Screwtape’s final application of the Same Old Thing is to make sure people, when considering their choices, think not about whether a particular course of action is good or sensible, but whether it is in line with progress and the future.

“Now if we can keep men asking ‘Is it in accordance with the general movement of our time? Is it progressive or reactionary? Is this the way that History is going?’ then they will neglect the relevant questions. And the questions they do ask are of course, unanswerable, for they do not know the future, and what the future will be depends very largely on just those choices which they now invoke the future to help them to make… We have trained them to think of the Future as a promised land which favoured heroes attain-not as something which everyone reaches at the rate of sixty minutes an hour, whatever he does, whoever he is.”

Again, it’s not a bad point, so far as it goes. I tend to be someone who thinks a good deal about the future, and I hang out a lot with people who are preoccupied with making the future more fair, more egalitarian, more liberal. And even while I support these values, I’ve sometimes had conversations where I slap my head, usually because I am talking to someone who has gotten so wrapped up with whether or not a particular idea is in line with forward-thinking philosophy than whether it’s actually good. I am thinking of someone who once chewed me out for referring to someone, approvingly, as “self-disciplined.” He thought I shouldn’t use that word because it was a conservative value, nevermind that it’s still often an objectively good thing to be. But if I may make the same point for a third time, this flaw cuts both ways. Obsessively consulting the past is reasoning as flawed as constantly forecasting the future. There is a reason things have changed over time. Sometimes the past was bad, and we changed because we figured out a way to make it better.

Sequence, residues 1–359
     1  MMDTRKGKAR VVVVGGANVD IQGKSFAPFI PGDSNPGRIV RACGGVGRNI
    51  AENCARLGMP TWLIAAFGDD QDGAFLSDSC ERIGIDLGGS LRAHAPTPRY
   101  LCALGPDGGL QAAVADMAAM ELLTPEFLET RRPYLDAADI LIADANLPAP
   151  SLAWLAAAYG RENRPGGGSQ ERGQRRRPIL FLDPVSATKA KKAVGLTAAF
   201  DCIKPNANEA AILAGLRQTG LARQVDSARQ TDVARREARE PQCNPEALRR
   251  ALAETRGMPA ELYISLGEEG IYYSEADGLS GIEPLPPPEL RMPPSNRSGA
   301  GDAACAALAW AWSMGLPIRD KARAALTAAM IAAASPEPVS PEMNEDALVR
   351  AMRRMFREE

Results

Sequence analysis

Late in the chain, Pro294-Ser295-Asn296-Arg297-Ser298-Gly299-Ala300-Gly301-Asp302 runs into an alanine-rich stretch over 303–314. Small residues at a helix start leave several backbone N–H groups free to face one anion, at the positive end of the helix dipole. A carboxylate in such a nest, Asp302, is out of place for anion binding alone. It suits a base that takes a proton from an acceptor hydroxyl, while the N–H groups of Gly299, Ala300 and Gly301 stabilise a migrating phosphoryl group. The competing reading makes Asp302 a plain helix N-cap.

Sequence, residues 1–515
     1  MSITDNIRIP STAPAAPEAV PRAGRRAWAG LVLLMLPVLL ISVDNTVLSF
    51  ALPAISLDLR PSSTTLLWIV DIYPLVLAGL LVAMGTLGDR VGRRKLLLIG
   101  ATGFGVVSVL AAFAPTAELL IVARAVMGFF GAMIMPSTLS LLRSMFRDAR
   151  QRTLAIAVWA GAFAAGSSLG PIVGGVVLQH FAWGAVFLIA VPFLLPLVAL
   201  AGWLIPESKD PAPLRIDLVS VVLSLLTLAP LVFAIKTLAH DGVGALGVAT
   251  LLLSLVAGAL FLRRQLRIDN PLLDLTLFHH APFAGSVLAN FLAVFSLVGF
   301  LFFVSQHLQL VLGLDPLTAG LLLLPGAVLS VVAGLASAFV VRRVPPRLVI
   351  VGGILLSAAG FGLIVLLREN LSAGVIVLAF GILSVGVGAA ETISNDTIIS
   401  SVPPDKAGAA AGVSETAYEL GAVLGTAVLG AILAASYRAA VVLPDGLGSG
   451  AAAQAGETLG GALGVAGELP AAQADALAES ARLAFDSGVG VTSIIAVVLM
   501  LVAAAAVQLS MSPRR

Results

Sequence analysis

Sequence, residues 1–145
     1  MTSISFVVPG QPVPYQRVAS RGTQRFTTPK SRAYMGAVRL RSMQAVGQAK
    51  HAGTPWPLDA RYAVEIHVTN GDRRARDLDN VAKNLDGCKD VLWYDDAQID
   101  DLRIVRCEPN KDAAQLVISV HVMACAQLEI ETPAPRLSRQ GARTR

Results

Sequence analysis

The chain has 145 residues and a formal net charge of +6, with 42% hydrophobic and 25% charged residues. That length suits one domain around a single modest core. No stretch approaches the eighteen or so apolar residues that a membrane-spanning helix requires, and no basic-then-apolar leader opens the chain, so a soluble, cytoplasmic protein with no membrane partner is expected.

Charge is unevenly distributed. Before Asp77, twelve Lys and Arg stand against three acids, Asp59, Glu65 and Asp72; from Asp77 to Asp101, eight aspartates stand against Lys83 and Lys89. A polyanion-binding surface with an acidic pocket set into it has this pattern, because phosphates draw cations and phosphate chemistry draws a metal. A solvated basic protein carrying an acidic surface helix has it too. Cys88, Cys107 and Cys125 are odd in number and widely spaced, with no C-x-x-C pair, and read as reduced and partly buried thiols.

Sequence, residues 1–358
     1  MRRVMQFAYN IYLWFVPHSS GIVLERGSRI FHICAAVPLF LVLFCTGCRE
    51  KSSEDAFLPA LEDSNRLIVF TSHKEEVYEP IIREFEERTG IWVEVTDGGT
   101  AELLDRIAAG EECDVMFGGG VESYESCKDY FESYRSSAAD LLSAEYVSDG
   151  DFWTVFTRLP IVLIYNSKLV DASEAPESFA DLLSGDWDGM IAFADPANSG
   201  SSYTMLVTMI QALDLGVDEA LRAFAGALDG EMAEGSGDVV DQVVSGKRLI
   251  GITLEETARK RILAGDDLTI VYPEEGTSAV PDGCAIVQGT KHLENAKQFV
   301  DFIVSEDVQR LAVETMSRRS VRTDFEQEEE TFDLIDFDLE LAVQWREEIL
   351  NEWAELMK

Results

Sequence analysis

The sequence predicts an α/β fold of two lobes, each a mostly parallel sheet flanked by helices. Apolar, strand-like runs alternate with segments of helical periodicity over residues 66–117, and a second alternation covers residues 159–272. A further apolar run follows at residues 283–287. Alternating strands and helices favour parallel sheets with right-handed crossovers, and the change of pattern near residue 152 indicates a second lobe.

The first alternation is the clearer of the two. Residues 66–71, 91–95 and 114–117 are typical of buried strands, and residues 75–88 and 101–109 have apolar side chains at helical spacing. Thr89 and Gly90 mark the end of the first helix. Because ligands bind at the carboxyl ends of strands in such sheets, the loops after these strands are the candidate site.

Back when I was reviewing Chapter Nineteen, I talked about how Screwtape objectifies women, when that doesn’t actually fit his motivations and psychology. He wants to use everyone’s basic humanity against them, yes, but he’s aware of everyone as a person with desires and the capacity to take action. The whole point of his role as a tempter is to be aware of everyone’s needs and fears and desires, so he can make use of them, and so it would be actively detrimental for him to ignore the role women have as agents, in the use and misuse of their own sexuality. The way he talked made it clear that Lewis was speaking through him. This is another chapter where he comes across as a puppet, rather than a character. I can see Lewis moving Screwtape’s mouth, bobbing his head, and making Screwtape decry the flaws of liberal, forward thinking groups Lewis dislikes while completely ignoring more conservative groups that Lewis supports. This doesn’t invalidate his points, but it does weaken his message.